The Y-chromosome is one of a pair of chromosomes that determine the genetic sex of individuals in mammals, some insects, and some plants. In the nineteenth and twentieth centuries, the development of new microscopic and molecular techniques, including DNA sequencing, enabled scientists to confirm the hypothesis that chromosomes determine the sex of developing organisms. In an adult organism, the genes on the Y-chromosome help produce the male gamete, the sperm cell. Beginning in the 1980s, many studies of human populations used the Y-chromosome gene sequences to trace paternal lineages.
Subject: Reproduction, Theories
Nicole Marthe Le Douarin (1930- )
Nicole Marthe Le Douarin was one of the first progressive female pioneers of developmental and embryological research. Some of her most notable and ground-breaking work involves grafting quail and chicken embryos together in order to study the developmental fate of each contributing embryo. Le Douarin was born in Brittany, France, on 20 August 1930. As an only child she was inspired by her mother, a school teacher at the time, to develop a passion for learning.
Mechanism of Notch Signaling
Mechanism of Notch Signaling: The image depicts a type of cell signaling, in which two animal cells interact and transmit a molecular signal from one to the other. The process results in the production of proteins, which influence the cells as they differentiate, move, and contribute to embryological development. In the membrane of the signaling cell, there is a ligand (represented by a green oval). The ligand functions to activate a change in a receptor molecule. In the receiving cell, there are receptors; in this case, Notch proteins (represented by orange forks).
"Drama of Life Before Birth" (1965), by Life Magazine and Lennart Nilsson
Life Magazine's 1965 cover story "Drama of Life Before Birth" featured photographs of embryos and fetuses taken by Swedish photojournalist Lennart Nilsson to document the developmental stages of a human embryo. Included in this article was the first published image of a living fetus inside its mother's womb. Prior to this, embryos and fetuses were observed, studied, and photographed outside of women's bodies as non-living specimens.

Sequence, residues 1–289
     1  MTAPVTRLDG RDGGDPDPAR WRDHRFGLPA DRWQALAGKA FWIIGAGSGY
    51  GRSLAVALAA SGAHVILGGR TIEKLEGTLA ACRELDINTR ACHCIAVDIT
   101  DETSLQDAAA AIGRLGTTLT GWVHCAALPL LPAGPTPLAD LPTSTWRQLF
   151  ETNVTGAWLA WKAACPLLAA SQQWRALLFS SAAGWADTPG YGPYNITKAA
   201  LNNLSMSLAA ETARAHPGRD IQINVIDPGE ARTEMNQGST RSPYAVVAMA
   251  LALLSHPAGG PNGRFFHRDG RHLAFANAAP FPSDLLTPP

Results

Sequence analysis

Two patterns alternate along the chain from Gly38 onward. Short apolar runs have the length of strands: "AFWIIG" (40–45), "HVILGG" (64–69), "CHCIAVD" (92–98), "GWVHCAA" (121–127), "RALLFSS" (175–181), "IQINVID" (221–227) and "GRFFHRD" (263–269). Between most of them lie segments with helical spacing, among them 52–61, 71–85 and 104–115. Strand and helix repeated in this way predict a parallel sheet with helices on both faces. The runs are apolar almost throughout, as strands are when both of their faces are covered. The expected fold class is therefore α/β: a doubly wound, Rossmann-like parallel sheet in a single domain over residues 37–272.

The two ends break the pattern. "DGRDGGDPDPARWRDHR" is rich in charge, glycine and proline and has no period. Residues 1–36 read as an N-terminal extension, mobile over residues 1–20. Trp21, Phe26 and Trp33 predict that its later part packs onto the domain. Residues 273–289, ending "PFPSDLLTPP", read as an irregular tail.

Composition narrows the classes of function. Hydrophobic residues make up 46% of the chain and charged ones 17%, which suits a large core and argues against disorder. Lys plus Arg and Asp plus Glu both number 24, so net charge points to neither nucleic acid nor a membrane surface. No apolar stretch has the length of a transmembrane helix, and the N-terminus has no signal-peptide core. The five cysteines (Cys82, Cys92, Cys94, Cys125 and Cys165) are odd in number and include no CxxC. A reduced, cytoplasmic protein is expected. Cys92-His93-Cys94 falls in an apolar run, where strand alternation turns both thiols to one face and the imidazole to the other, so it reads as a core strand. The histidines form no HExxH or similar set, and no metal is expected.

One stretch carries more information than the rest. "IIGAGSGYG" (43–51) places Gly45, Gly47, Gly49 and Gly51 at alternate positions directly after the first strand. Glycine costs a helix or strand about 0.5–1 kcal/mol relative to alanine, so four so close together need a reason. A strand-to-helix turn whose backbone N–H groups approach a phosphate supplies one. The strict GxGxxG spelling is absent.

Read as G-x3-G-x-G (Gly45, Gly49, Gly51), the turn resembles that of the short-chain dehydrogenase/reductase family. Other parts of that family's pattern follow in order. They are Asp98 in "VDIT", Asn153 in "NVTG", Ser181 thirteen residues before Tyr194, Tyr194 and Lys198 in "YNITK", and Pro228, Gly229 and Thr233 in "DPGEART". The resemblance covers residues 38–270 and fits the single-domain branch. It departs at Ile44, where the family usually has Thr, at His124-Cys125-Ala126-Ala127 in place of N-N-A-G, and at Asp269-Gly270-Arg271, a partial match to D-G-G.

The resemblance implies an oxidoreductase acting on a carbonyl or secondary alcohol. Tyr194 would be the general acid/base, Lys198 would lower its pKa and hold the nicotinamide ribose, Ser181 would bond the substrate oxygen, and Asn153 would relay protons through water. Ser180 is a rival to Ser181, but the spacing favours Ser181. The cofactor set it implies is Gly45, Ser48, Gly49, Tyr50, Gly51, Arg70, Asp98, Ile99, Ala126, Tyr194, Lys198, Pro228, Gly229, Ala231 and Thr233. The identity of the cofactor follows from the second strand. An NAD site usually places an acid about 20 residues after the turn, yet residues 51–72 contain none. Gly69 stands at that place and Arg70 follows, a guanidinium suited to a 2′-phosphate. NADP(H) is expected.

Subject: Publications, Outreach, Reproduction
Ernst Heinrich Philipp August Haeckel (1834-1919)
Ernst Heinrich Philipp August Haeckel was a prominent comparative anatomist and active lecturer in the late nineteenth and early twentieth centuries. He is most well known for his descriptions of phylogenetic trees, studies of radiolarians, and illustrations of vertebrate embryos to support his biogenetic law and Darwin's work with evolution. Haeckel aggressively argued that the development of an embryo repeats or recapitulates the progressive stages of lower life forms and that by studying embryonic development one could thus study the evolutionary history of life on earth.
Homology is a central concept of comparative and evolutionary biology, referring to the presence of the same bodily parts (e.g., morphological structures) in different species. The existence of homologies is explained by common ancestry, and according to modern definitions of homology, two structures in different species are homologous if they are derived from the same structure in the common ancestor.
Format: Essays and Theses
The Yale Embryo
In 1934 a fourteen-day-old embryo was discovered during a postmortem examination and became famous for being the youngest known human embryo specimen at the time. The embryo was coined "the Yale Embryo," named after the location where it was discovered, Yale University in New Haven, Connecticut. During the early twentieth century, the rush to collect embryos as well as to find younger and younger embryos was at an all time high, and the Yale Embryo is representative of the this enthusiasm.
Subject: Processes, Reproduction
Otto Mangold (1891-1962)
Otto Mangold was an early twentieth century embryologist who specialized in the development of amphibian embryos. A major emphasis of his research was refining the concept of the organizer, now referred to as embryonic induction. He was born on 4 November 1891 in Auenstein, Germany, and came from what Viktor Hamburger, a colleague and personal acquaintance, described as "peasant stock." Mangold attended several universities including Tübingen, Freiburg, and Rostock.
"The Multi-Dimensional Human Embryo"
The Multi-Dimensional Human Embryo website (http://embryo.soad.umich.edu/) is a publicly accessible online database of the first three-dimensional images and animations of human embryos during different stages of development. Both the images and animations were created using magnetic resonance microscopy and compiled for easy access.
Subject: Outreach, Organizations